diversityA worker has been awarded £27,000 in compensation after a tribunal ruled that having to listen to racist nicknames had ‘violated his dignity’.

Delivery driver, Roy Morgan, became upset after his colleague was given a series of racist nicknames and was routinely referred to as a golliwog.

It was heard that Brian Ennis, who worked for a fruit and vegetable wholesaler in Gloucester, was called ‘golliwog Brian’ and ‘black Brian’, to distinguish him from a white worker with the same first name.

Despite not bringing legal action himself, his colleague, Mr Morgan, stated that he could no longer work within the racist culture and sued the company for constructive dismissal.

Mr Morgan was awarded £13,427 by the Tribunal in 2011 for racial harassment – including £8,000 for injury to feelings and £5,000 aggravated damages.

He was recently awarded a further £14,286 for lost earnings from constructive dismissal, however the panel noted that he is unlikely to receive a penny of the latest award as the firm is now in administration.

During an Employment Tribunal it was heard that the boss of the firm, Amanda Miles, did not put a stop to the nicknames because she did not see anything wrong with it, while it was also claimed that Ms Miles was “entirely unreceptive” to the idea that the nicknames might offend black staff.

Speaking at the Bristol Employment Tribunal, Mr Morgan also claimed that bosses at the firm did not discipline a white driver who said that ‘black people should be burnt at the stake like Jews’.

Following the case, Ms Miles branded the judgment ‘absolutely ridiculous’.

She said:

“Brian Ennis did not have any issues. He is not shy and if he had wanted to bring up the names with me, he would have done. He could hold his own.

“The tribunal was the most pathetic process I have ever come across in my life.”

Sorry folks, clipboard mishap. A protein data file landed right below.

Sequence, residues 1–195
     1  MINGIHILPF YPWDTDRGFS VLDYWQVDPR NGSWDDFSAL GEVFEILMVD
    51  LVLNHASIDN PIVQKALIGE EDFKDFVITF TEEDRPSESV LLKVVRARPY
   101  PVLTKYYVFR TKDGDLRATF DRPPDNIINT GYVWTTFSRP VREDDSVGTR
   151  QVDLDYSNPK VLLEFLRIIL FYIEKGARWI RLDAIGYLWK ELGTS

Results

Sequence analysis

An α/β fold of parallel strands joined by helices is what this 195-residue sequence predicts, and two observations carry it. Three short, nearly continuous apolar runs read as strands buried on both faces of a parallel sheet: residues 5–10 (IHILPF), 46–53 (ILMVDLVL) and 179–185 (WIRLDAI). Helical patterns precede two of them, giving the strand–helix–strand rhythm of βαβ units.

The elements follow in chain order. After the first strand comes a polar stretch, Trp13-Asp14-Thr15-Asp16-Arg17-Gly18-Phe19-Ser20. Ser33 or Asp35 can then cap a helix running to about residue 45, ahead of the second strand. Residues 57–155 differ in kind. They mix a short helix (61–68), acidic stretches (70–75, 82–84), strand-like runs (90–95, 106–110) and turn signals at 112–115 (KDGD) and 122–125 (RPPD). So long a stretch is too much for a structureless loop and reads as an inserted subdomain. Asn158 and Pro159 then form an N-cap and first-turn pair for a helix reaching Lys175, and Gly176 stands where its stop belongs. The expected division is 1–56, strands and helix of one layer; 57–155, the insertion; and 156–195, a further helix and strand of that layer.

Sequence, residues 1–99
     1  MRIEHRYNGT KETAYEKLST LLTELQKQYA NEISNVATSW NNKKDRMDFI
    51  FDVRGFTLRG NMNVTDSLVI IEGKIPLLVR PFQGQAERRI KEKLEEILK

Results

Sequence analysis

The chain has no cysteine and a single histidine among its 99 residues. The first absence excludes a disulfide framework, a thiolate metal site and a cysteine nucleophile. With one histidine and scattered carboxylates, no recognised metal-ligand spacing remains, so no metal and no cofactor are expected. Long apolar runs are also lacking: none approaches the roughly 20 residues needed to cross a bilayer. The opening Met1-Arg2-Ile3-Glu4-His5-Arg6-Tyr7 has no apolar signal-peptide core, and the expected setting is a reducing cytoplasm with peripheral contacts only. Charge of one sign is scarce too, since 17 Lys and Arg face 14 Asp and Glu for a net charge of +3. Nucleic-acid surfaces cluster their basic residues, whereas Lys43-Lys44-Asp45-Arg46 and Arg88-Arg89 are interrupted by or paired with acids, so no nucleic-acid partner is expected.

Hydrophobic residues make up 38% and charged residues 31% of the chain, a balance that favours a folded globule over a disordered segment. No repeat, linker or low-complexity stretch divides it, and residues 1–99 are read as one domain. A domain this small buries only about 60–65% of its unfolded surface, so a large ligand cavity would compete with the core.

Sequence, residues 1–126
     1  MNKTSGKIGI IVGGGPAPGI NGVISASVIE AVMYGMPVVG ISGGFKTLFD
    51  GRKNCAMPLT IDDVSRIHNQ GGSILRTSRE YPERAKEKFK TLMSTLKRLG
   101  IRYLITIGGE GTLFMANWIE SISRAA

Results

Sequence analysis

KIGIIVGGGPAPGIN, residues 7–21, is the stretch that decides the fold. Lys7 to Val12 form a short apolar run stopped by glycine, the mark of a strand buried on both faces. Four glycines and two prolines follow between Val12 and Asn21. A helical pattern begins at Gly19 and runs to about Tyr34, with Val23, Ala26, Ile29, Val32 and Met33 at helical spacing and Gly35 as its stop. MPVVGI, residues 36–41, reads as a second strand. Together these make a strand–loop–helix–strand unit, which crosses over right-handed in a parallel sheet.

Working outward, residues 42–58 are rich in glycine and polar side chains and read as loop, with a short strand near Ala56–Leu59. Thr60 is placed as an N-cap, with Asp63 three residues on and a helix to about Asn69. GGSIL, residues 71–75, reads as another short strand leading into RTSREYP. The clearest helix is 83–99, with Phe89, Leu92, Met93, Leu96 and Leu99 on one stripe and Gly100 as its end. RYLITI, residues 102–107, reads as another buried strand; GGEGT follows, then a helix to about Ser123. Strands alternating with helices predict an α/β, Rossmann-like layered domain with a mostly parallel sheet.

In delivering its verdict, the panel stated:

“The claimant worked for an employer that tolerated not only racial banter in the workplace but also the expression of extreme forms of racial prejudice.

“The claimant found this comment to be offensive and was concerned that no steps appeared to be taken to address it.

“This was known about by Ms Miles. It did not occur to her to take any steps to curb this practice as it did not occur to her that there could be anything wrong with it.”

It continued:

“Ms Miles was entirely unreceptive to the notion that calling someone by the colour of their skin could cause offence.

“She had given no thought to finding another way of distinguishing the two Brians that did not involve labelling one of them by the colour of their skin.

“She had had no training in the principles of equal opportunity and appeared to have an entirely closed mind to what those principles might entail.

“At the very least we would have expected Ms Miles to have taken some steps to ensure this was not causing offence to Mr Ennis.”

It concluded:

“Ms Miles was an employer who thought it entirely acceptable to distinguish one employee from another by referring to the colour of the skin of the black employee.

“That Ms Miles had no index of concern about this practice satisfied us further that there was a culture of racism that was tolerated in the workplace.”